Migrants’ Lives, Immigration Policy, and Ethics Work

The Russ­ian poet Anna Akhma­to­va was a moth­er sep­a­rat­ed from her child by a state pol­i­cy of ter­ror. Dur­ing the 1930s, she and oth­er moth­ers would gath­er out­side a Leningrad prison, des­per­ate for infor­ma­tion. One day, after 17 months of “wait­ing in prison queues,” anoth­er woman whis­pered to her, “‘Could one ever describe this?’ And I answered, ‘I can.’” Akhmatova’s poem cycle Requiem reflects on the anguish of fam­i­ly sep­a­ra­tion from the per­spec­tive of a par­ent, who “stood for three hun­dred hours/And no-one slid open the bolt.”

The U.S. Jus­tice Department’s April deci­sion to jail and crim­i­nal­ly pros­e­cute adult migrants appre­hend­ed after cross­ing the U.S.-Mexico bor­der and sep­a­rate chil­dren from par­ents, explained here, and here in visu­al form, has pro­duced its own nar­ra­tives of ter­ror. The most hor­ri­fy­ing thus far is the record­ing of the voic­es of chil­dren in a Bor­der Patrol deten­tion facil­i­ty, plead­ing for their par­ents. In the record­ing obtained by ProP­ub­li­ca, a Sal­vado­ran girl is deter­mined to shape her own sto­ry, to “describe this.” She has mem­o­rized her aunt’s phone num­ber, and begs a con­sular offi­cial to make a phone call. Any adult who has been respon­si­ble for a young child would rec­og­nize how this lit­tle girl’s moth­er has pre­pared her for a sep­a­ra­tion, by teach­ing her cru­cial infor­ma­tion and explain­ing how to find an adult to trust.

ProP­ub­li­ca also spoke with the child’s aunt, who said, “‘Imag­ine get­ting a call from your 6‑year-old niece. She’s cry­ing and beg­ging me to go get her. She says, ‘I promise I’ll behave, but please get me out of here. I’m all alone.’” The listener’s hope that this child had found a way out of her ter­ri­fy­ing sit­u­a­tion was dashed by the real­i­ty of her aunt and cousin, whose years-long process of seek­ing asy­lum has been jeop­ar­dized by the recent Jus­tice Depart­ment rul­ing that peo­ple flee­ing gang or domes­tic vio­lence would no longer qual­i­fy for pro­tec­tion. They, too, are terrified.

In the past six weeks, 2,342 chil­dren have been sep­a­rat­ed from their par­ents; as yet it is unclear how the June 20 exec­u­tive order end­ing fam­i­ly sep­a­ra­tion will be imple­ment­ed. Jour­nal­ists and immi­grant rights advo­cates have done hero­ic work on the ground, describ­ing injus­tice and work­ing for jus­tice. Attor­neys have had to swift­ly adapt ethics poli­cies and relat­ed pro­to­cols designed for inter­view­ing teenagers. As one attor­ney explained to a jour­nal­ist: “Our duty as attor­neys is to rep­re­sent the child’s express wish­es. Some­times, when they are real­ly young, it’s dif­fi­cult to ascer­tain those wish­es … because they can’t express as much…It is very emo­tion­al on me, and every­one else on staff. It is very hard to see very young chil­dren .…I feel like if we don’t do this, who else is going to? As upset­ting as it is, we have to do it.”

What should the field of bioethics do, beyond lend­ing our names, as cit­i­zens and pro­fes­sion­als, to the out­cry? Here are three rec­om­men­da­tions for our field, reflect­ing the con­tin­u­ing impor­tance of migra­tion as a phe­nom­e­non shap­ing our world.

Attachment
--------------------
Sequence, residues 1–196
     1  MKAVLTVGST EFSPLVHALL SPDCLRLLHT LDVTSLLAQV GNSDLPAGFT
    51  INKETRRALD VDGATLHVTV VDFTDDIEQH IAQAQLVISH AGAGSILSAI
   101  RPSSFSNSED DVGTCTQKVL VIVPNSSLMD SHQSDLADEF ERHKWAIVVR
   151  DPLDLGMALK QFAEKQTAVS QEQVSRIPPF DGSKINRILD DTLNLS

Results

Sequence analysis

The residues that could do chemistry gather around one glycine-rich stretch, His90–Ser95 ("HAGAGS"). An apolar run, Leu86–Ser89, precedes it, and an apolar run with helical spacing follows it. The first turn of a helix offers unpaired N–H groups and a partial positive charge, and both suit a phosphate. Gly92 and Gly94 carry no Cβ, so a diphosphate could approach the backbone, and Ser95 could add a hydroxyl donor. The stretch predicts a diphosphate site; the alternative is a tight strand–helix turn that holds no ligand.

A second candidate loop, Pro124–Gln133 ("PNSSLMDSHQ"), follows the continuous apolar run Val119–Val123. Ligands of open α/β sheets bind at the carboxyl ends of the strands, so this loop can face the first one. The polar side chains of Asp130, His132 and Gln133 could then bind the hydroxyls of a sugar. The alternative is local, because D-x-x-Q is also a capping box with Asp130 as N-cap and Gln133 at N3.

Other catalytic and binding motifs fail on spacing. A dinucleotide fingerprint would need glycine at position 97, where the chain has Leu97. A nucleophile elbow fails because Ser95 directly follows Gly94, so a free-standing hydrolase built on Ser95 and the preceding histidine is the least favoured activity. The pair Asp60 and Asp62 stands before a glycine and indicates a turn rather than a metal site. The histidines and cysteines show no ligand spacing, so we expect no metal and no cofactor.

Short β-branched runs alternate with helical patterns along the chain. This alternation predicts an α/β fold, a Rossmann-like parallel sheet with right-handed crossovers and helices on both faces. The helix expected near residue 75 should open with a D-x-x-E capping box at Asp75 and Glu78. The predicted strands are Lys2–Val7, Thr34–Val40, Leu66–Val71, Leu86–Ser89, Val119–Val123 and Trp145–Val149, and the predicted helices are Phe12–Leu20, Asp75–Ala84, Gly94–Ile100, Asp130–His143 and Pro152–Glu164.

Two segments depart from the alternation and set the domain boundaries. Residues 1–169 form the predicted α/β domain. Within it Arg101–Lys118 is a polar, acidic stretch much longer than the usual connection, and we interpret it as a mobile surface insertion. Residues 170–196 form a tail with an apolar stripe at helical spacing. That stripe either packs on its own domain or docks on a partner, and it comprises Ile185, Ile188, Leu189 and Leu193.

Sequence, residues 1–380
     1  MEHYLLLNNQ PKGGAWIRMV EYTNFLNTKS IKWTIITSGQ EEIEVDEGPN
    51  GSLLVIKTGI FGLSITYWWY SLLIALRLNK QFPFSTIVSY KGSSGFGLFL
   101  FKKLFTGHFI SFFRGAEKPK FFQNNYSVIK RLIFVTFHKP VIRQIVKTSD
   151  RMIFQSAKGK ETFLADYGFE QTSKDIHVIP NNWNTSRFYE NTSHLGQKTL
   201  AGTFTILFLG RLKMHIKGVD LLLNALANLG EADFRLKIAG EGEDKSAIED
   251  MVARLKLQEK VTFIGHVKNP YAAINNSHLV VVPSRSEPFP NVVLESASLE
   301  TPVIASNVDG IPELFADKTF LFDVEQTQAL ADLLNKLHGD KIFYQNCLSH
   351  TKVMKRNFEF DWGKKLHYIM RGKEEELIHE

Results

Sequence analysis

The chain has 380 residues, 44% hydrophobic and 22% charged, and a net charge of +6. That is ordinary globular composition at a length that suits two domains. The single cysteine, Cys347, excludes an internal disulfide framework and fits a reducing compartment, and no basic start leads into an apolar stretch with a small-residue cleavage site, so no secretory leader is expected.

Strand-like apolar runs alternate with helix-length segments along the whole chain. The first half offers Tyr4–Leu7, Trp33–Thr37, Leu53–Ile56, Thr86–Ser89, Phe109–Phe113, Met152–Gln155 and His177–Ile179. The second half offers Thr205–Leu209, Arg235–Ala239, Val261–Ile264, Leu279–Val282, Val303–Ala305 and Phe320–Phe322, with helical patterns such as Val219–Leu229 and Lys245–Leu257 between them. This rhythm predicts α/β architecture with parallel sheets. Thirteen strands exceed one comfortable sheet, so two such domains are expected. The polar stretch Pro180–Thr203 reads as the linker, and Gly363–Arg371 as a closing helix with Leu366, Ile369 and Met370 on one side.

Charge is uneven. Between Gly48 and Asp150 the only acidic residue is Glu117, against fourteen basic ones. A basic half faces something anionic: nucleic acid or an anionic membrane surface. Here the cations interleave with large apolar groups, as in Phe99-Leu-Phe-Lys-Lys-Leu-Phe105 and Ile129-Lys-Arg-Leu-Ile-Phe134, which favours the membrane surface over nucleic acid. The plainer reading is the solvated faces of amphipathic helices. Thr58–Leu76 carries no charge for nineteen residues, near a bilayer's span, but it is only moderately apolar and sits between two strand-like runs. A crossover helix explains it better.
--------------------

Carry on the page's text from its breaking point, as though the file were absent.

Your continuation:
1. In clin­i­cal teach­ing and learn­ing, frame and ana­lyze chal­lenges con­cern­ing care for migrants as prob­lems of justice.

Pro­vid­ing good care to migrants whose legal sta­tus is uncer­tain or threat­ened is often expe­ri­enced as an eth­i­cal­ly fraught aspect of prac­tice. While acknowl­edg­ing prac­ti­tion­er moral dis­tress, bioethics edu­ca­tion should aim for a high­er stan­dard of basic knowl­edge con­cern­ing the sit­u­a­tion of migrants in a soci­ety. Research insights on how a system’s lead­ers and admin­is­tra­tors influ­ence pro­fes­sion­al behav­ior con­cern­ing a stig­ma­tized pop­u­la­tion should be part of this analysis.

  1. In teach­ing and learn­ing, orga­ni­za­tion­al ethics, and pub­lic ser­vice, aim to under­stand and reflect the local impli­ca­tions of nation­al policy.

World­wide, most migrants live in cities; most immi­grants to the U.S. live in just 20 met­ro­pol­i­tan areas. Pro­fes­sion­als in safe­ty-net health care in these cities are like­ly to encounter patients whose lives are shaped by a nation’s immi­gra­tion enforce­ment poli­cies. Pro­fes­sion­als who work near immi­grant deten­tion facil­i­ties will also encounter nation­al issues local­ly. Learn­ing from local col­leagues with exper­tise in immi­gra­tion law and immi­grant health advo­ca­cy con­tributes new knowl­edge to our field. Our vocab­u­lary can help these col­leagues reflect on their own eth­i­cal challenges.

  1. In eth­i­cal the­o­ry, account for the migrant and her children.

The­o­ries of jus­tice that spec­i­fy duties of wealth­i­er to poor­er regions con­cern­ing health-relat­ed resource allo­ca­tion and devel­op­ment may not ful­ly account for the rela­tion­ship between aid and migra­tion, or speak to the sta­tus of migrants. Bioethi­cists inter­est­ed in the glob­al dimen­sions of pub­lic health can con­tribute to the­o­ry, research, and pol­i­cy rec­om­men­da­tions con­cern­ing duties to migrants, and to their children.

Nan­cy Berlinger is a research schol­ar at The Hast­ings Cen­ter. She recent­ly com­plet­ed an aca­d­e­m­ic writ­ing res­i­den­cy at the Bel­la­gio Cen­ter of the Rock­e­feller Foun­da­tion for a book project on migrants as social cit­i­zens. She codi­rects The Hast­ings Center’s Undoc­u­ment­ed Patients project, a knowl­edge hub on health care access for unau­tho­rized migrants and mixed sta­tus fam­i­lies in the Unit­ed States. Rachel Zacharias, a project man­ag­er and research assis­tant at The Hast­ings Cen­ter, pro­vid­ed back­ground research.

This post was orig­i­nal­ly pub­lished in The Hast­ings Center’s Bioethics Forum.  Please click here to access the orig­i­nal post online.

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